Joseph Descaine (1807-1882)
Le Jardin Fruitier du Musum ou iconographie de toutes les espces et varits d'arbres fruitiers. Paris: Firmin Didot frres, [1858-]1862-1875. 9 volumes, small 2 (307 x 218mm.) Half-titles. 508 plates after Alfred Riocreux, comprising 1 uncoloured engraved plate, 507 lithographs including 474 printed in colours and finished by hand, 4 of these double-page, most with tissue guards. (Occasional light oxidisation to hand-colouring.) Modern red half morocco by Helmuth Halbach, spines in six compartments with raised bands, black morocco lettering-piece in the second small onlaid oval of black morocco in the fourth bearing the volume number, the others with a repeat tooling of a large rose-spray tool. Provenance: Biblioteca Institutului botanic, Universitatea din Cluj, Rumania (ink stamp on titles); Egytemi Rendszeres Nvnytani Intzet Knyvtra Kolozsvr (ink stamp on verso of titles).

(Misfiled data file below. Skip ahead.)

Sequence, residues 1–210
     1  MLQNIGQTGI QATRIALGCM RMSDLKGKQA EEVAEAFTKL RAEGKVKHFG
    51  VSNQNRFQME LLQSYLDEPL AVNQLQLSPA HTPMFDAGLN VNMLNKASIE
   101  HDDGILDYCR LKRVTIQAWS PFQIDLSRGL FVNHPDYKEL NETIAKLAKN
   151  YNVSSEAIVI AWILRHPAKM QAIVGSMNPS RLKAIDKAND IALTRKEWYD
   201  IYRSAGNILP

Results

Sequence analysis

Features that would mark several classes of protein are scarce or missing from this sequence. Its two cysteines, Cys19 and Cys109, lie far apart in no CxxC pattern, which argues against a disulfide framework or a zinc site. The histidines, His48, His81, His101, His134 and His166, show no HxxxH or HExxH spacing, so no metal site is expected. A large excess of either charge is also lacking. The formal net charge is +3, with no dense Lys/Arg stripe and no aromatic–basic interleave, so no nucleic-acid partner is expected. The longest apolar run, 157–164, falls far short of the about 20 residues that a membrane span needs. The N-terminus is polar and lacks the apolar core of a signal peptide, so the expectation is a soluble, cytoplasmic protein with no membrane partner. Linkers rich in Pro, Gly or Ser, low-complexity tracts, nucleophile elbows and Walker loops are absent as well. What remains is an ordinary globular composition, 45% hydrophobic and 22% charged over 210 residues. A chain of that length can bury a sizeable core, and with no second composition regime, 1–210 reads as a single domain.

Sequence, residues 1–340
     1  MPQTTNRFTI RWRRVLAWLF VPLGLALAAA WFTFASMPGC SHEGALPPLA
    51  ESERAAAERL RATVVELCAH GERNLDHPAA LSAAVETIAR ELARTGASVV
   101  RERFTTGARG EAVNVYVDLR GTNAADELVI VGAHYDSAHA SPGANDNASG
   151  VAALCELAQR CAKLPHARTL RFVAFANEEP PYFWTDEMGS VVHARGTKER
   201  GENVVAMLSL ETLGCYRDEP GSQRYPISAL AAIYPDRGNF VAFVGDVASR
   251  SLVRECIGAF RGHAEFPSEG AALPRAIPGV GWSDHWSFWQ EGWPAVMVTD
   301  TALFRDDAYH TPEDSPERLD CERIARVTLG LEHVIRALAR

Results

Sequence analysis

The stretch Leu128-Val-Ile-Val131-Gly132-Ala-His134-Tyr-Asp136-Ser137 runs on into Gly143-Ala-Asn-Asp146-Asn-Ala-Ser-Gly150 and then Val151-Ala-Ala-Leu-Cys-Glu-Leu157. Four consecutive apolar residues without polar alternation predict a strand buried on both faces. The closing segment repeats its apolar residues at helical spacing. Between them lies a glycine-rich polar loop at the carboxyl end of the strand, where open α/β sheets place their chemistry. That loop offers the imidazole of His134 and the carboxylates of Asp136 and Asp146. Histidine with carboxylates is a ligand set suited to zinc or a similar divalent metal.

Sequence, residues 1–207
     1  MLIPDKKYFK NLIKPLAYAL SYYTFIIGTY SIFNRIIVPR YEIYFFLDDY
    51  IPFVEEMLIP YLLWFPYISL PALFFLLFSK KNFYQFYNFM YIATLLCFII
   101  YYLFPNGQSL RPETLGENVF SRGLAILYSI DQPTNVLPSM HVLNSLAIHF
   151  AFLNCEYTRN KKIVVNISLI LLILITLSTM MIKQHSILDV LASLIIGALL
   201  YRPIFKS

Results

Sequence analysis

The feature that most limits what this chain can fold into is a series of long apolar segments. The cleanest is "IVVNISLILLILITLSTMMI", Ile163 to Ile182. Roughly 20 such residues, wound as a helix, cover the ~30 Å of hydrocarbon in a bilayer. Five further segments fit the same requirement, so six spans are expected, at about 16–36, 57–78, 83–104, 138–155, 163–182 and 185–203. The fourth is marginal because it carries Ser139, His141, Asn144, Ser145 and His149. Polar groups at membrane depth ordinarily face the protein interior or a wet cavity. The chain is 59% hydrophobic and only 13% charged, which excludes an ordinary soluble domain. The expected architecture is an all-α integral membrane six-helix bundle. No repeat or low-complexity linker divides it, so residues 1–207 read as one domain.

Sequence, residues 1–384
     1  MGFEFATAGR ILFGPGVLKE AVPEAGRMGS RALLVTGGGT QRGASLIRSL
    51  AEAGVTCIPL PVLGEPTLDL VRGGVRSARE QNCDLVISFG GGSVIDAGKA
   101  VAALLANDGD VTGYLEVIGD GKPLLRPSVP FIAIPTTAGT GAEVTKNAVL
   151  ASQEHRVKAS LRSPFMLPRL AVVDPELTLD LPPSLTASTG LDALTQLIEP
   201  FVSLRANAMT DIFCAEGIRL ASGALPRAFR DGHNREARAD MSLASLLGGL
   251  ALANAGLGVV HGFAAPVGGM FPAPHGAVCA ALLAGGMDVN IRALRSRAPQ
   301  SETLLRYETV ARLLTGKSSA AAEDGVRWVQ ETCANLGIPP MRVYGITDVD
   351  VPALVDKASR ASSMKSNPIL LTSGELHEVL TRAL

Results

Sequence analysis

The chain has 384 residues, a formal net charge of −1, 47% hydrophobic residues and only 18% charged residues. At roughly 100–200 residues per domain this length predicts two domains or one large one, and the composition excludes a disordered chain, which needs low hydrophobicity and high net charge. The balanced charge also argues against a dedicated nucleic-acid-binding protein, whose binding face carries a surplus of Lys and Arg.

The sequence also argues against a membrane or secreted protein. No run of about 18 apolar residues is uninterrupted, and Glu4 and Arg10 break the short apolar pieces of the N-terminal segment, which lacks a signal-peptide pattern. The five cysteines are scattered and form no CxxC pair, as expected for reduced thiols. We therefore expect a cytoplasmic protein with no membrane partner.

A FINE COPY OF ONE OF THE GREATEST OF ALL POMOLOGIES, with life-size plates by the 'most sensitive and skilful French botanical artist of the period...the Paris counterpart of Walter Hood Fitch' (Blunt). The author, a Belgian who had been appointed to the Natural History Museum of Paris in 1850, set out to describe all the species and varieties of fruit growing in the museum's garden. The work is presented in sections each covering a single species of fruit. The first (and largest) section is on the Pear, or what the author calls the 'roi des fruits pepins'. This section, spread over the first six volumes, includes 357 plates, 322 of which are coloured. The remaining sections are, in vol.VII, Peaches (74 plates); in vol.III: Nectarines (13 plates); Plums (12 plates); Apricots (1 plate); and in vol.IX: Strawberries (40 plates, four of which are double-page) and Currents and Gooseberries (11 plates). 440 of the plates illustrate varieties with their fruit and portions of the foliage in colour, each accompanied by at least 2pp. of descriptive text. The artist, Alfred Riocreux (1820-1912) 'was born at Svres, near Paris, where his father, who had been formerly employed in the state porcelain factory, was curator of the Muse de Cramique. Trained by his father, the boy progressed so rapidly with drawing and painting that the sketches which he made at the age of thirteen were considered worth preserving at Svres. The botanist Adolphe Thodore Brongniart (1801-76), whose father had also been employed at Svres, directed the attention of the young Riocreux to botany and was probably also responsible for bringing him to the Musum d'Histoire Naturelle. Here the young artist met Joseph Descaine.' (Blunt The Art of Botanical Illustration  p.270). The plates show that Riocreux was well aware of the necessity of botanical accuracy, as well as having an instinctive grasp of what constitutes a beautiful design. BM (NH) 1517; Great Flower Books (1990) p.89; Nissen BBI 546; Stafleu & Cowan 1338. (9)